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Posted: November 22, 2008
Animations bring nanotechnology to life
(Nanowerk News) Just as artists at Disney and Pixar Animation Studios bring Mickey Mouse, Shrek and Nemo to life, life science artists are using animation to bring viruses, bacteria and even nanowires to life and demystify scientific concepts.
Life science animators from Purdue Research Park-based Seyet LLC recently used their video talents to demonstrate how silicon nanowires form, a process that may change the way computers and consumer electronics are manufactured. Seyet's video provides people who don't have a medical or scientific background a "visual story" of how such complicated organisms or human-designed technologies operate.
"Scientific research is becoming increasingly complex, At the same time, it is important that researchers clearly communicate new discoveries to the public," said Jon Kevan, director of research and design for Seyet LLC, a visual communication company. "The animation of the nanowires demonstrates how a silicon nanowire can 'nucleate,' or begin to form on the way to becoming wires."
Seyet specializes in translating difficult-to-grasp scientific concepts and processes into the highly accurate animated forms now demanded by specialized scientific- and technology-focused audiences, as well as regulatory agencies.
"For example, a National Science Foundation grant is reviewed first on intellectual merit and second on 'broader impacts,'" Kevan said. "Seyet's animations can help fulfill the second criteria for those broader impacts in an innovative way."
A recent video animation was designed for a research discovery by Eric Stach, a Purdue University assistant professor of materials engineering. The video describes his work with an instrument called a transmission electron microscope, which shows how nanowires develop. The research is based at IBM's Thomas J. Watson Research Center in Yorktown Heights, N.Y., and at Purdue's Birck Nanotechnology Center in the university's Discovery Park.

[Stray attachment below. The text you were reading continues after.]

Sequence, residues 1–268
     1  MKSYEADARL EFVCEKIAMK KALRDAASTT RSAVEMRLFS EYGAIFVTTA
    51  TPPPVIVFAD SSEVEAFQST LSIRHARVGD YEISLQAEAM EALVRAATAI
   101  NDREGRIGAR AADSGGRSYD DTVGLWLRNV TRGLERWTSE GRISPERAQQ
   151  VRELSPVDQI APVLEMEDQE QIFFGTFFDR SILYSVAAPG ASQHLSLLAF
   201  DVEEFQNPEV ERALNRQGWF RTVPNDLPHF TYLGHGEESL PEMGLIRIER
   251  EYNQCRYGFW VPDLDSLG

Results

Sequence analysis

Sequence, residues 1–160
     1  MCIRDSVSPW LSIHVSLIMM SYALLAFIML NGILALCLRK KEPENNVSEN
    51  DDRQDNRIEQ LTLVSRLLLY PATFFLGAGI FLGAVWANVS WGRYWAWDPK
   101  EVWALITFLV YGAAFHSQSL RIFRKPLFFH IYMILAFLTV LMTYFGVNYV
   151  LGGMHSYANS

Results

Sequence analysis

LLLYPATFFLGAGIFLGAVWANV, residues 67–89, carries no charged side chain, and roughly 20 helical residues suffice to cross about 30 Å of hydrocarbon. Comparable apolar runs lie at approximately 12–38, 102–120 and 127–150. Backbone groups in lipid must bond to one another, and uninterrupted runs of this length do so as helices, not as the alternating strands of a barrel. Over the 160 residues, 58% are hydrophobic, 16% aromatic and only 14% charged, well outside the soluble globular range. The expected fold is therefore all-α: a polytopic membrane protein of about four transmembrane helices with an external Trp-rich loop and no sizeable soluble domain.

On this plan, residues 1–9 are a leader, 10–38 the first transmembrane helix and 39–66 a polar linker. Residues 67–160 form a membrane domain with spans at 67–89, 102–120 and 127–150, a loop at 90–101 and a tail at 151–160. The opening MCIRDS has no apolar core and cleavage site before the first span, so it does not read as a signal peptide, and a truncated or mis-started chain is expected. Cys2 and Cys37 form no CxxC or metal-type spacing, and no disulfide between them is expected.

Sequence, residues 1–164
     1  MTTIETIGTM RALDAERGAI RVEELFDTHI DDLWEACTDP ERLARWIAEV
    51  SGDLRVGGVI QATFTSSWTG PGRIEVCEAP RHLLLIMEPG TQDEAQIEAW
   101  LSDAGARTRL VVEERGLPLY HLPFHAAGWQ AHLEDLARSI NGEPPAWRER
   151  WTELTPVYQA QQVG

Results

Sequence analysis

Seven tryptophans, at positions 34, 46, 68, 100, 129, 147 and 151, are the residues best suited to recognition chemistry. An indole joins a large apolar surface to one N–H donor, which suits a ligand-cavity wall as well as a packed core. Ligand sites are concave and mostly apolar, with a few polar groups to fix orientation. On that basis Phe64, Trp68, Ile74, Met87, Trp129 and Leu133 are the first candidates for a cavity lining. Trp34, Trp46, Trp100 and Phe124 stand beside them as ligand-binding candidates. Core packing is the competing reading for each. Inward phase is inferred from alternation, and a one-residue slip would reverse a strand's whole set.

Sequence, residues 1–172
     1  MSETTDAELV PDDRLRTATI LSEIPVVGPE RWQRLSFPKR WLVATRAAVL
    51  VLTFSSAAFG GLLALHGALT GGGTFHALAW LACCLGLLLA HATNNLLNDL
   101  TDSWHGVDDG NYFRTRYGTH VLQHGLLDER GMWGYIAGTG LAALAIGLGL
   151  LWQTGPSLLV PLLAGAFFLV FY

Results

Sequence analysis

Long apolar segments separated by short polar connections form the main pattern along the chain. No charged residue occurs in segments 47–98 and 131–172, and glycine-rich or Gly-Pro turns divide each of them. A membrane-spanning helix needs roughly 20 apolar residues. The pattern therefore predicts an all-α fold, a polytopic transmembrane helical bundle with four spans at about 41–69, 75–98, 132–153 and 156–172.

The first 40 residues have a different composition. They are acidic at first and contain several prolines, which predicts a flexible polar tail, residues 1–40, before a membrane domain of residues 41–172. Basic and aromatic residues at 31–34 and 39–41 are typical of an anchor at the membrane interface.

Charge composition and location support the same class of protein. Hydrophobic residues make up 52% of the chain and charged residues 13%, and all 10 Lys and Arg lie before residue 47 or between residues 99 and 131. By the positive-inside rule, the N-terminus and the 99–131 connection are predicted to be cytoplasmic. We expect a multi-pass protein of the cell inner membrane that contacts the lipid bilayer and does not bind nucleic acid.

Stach published a paper on his research that appeared in the journal Science this month. It is the first time researchers have made such precise measurements of the nucleation process in nanowires, Stach said.
"This is very complicated science, and showing people how it works is a tremendous help in understanding it," Kevan said. "The demand for new discoveries like Eric Stach's is great, as is the need to explain, in a non-scientific way, their meaning to the public."
Stach's research is funded by the NSF's Electronic Materials Division.
Translating data into visual images, such as showing how nanowires grow, may help researchers secure funding from government and other sources, such as the National Institutes for Health, the U.S. Department of Defense and the U.S. Department of Education.
The company also developed a "Bacteriophage T4" animation for Michael Rossmann, the Hanley Distinguished Professor of Biological Sciences in Purdue's College of Science. Seyet's animation of the virus was downloaded from the Web more than 120,000 times in eight months and was among the most-viewed NSF announcements in 2004.